Self-assembled Peptide-p-electron Supramolecular Polymers for Bioinspired Energy Harvesting, Transport, and Management

This  project  integrates  experiment,  simulation,  and  data-science  to  engineer  supramolecular optoelectronic peptidic semiconductors.


Hybrid   computational-experimental   screening.  We  established  a  multi-fidelity  machine learning-enabled  screening  platform  for  the  data-driven  discovery  of  novel  π-conjugated peptides with superior optoelectronic properties [1]. All-atom molecular dynamics simulations and experimental UV-vis spectroscopy measurements were operated as parallel screening loops and used to train hybrid computational-experimental data-driven model. The model was used with Bayesian optimization to iteratively design the next round of molecules for computational and experimental screening. After testing 1181 molecules by simulation and 28 by experiment, we discovered and validated two novel molecules with superior spectral properties.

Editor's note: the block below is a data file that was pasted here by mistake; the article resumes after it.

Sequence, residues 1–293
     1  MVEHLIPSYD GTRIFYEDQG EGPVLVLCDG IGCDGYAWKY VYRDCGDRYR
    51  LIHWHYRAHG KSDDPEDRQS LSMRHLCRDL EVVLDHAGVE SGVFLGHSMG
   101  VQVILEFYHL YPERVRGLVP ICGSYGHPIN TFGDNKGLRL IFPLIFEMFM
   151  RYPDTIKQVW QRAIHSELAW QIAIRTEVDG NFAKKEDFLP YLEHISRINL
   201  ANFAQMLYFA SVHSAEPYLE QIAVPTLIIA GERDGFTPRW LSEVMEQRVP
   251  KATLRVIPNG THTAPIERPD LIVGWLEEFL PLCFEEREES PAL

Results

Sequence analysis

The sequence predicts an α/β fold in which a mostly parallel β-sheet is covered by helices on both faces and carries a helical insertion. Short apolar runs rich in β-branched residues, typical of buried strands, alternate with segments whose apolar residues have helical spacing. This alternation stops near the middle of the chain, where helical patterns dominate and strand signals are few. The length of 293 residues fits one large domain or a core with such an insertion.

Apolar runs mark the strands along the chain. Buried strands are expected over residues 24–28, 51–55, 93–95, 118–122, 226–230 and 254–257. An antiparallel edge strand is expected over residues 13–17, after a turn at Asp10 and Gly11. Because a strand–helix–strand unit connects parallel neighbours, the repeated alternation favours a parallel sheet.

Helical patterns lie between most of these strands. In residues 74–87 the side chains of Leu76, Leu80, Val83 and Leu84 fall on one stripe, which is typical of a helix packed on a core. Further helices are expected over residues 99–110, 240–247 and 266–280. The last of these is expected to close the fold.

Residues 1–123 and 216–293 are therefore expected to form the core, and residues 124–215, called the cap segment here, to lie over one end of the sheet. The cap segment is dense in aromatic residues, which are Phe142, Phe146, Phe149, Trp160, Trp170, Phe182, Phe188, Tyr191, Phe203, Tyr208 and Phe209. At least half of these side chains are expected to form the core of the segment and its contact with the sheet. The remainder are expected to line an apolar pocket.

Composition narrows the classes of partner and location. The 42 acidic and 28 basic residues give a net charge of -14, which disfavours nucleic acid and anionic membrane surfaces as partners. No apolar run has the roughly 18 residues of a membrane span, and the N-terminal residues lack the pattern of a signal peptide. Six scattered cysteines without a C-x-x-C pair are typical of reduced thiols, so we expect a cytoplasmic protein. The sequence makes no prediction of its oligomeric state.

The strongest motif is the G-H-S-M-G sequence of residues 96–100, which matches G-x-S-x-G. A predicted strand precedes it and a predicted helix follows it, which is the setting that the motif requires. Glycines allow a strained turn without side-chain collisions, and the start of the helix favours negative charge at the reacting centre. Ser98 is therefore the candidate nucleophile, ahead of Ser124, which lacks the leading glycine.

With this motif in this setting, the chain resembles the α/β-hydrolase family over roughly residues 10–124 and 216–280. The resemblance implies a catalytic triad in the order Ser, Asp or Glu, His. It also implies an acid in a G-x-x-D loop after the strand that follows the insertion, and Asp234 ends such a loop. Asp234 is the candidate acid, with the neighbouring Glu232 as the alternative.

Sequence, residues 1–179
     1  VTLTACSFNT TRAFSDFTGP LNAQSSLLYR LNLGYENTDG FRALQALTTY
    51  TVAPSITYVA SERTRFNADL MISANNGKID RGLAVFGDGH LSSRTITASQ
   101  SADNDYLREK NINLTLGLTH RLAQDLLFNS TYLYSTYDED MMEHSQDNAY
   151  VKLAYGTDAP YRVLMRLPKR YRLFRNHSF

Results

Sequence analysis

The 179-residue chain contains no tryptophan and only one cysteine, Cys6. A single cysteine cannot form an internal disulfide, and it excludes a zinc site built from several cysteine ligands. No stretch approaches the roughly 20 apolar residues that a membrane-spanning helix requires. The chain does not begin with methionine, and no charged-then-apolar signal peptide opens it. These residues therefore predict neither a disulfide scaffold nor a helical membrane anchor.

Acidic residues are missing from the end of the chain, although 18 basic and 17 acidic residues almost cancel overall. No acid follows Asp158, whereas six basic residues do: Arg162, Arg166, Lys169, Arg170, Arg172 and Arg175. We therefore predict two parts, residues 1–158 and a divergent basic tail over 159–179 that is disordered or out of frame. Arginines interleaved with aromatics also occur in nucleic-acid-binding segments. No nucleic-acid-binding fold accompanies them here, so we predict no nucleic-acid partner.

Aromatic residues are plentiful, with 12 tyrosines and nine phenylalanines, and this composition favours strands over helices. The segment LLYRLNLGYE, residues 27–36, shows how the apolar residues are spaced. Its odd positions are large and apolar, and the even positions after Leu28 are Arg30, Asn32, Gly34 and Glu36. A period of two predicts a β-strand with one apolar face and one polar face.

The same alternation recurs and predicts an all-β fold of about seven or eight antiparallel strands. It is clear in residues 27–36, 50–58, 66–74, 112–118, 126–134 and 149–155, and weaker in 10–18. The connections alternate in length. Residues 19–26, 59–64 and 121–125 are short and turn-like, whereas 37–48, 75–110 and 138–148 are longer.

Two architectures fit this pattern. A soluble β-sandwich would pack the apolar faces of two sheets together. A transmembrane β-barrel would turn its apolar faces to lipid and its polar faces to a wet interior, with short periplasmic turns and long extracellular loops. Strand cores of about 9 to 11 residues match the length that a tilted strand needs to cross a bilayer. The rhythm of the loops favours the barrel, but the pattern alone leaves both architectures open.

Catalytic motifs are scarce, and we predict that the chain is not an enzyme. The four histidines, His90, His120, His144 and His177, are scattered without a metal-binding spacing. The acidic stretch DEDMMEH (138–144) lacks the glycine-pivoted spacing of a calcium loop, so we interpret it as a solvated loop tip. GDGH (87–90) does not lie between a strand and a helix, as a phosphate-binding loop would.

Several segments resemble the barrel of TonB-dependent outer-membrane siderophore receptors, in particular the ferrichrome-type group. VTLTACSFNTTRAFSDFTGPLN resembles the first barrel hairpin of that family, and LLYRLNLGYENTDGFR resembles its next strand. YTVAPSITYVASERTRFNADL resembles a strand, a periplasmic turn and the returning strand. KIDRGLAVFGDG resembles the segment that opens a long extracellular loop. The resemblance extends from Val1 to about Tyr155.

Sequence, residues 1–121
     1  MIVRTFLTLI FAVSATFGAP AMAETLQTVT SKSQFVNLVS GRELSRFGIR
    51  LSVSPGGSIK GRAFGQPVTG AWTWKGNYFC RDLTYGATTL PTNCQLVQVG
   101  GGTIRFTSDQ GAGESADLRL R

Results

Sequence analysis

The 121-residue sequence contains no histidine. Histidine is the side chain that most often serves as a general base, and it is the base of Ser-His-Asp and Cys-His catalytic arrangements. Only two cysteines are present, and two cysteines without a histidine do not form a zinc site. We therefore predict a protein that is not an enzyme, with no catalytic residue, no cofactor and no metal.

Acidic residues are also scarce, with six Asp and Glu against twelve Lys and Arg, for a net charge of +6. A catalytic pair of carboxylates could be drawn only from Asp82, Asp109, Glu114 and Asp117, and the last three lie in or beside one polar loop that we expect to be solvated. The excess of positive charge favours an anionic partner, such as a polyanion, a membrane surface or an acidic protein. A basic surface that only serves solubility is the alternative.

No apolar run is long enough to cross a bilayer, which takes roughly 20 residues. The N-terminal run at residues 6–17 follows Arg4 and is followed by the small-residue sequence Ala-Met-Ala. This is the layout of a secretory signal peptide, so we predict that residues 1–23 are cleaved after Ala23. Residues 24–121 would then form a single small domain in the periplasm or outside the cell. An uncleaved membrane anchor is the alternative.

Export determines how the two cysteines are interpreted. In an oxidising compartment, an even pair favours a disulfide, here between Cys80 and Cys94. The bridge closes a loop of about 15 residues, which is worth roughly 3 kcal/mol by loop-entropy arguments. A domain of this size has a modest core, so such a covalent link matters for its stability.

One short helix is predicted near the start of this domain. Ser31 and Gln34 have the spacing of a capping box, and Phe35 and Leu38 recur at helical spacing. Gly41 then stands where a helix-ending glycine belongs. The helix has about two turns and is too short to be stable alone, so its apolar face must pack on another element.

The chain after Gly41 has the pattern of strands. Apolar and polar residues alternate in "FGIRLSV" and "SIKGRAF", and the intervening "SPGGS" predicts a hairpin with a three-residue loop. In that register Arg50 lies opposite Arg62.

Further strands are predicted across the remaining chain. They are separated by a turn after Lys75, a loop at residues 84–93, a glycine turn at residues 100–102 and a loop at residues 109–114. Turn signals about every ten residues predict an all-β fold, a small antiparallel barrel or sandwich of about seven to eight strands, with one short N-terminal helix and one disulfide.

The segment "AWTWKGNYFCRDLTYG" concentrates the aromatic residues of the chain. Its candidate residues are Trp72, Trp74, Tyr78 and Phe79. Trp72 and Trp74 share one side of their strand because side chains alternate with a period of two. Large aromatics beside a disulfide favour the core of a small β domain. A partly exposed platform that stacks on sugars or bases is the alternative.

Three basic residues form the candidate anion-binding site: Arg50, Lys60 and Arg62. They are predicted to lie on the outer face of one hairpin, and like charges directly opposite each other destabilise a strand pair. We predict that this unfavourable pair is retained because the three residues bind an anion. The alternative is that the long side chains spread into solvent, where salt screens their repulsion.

Extensions to “high-performance” peptidic organic semiconductors. Much of our past work has entailed the development of careful structure-property relationships of pi-peptide assembly based upon well-established pi-electron core structures.  Over the past year, we extended our suite  of  pi-electron  core  structures  into  more  high-performance  n-type  (electron  transporting) materials.    We  extended  our  Pd-mediated  on-resin  dimerization  synthesis  approach  to  the creation  of  diketopyrrolopyrrole  (DPP)  cores,  a  common  motif  encountered  in  many  current photovoltaic materials due to the excellent charge transporting ability of the DPP core [2].  Varied alkyl groups could be included without negatively impacting photophysical properties.

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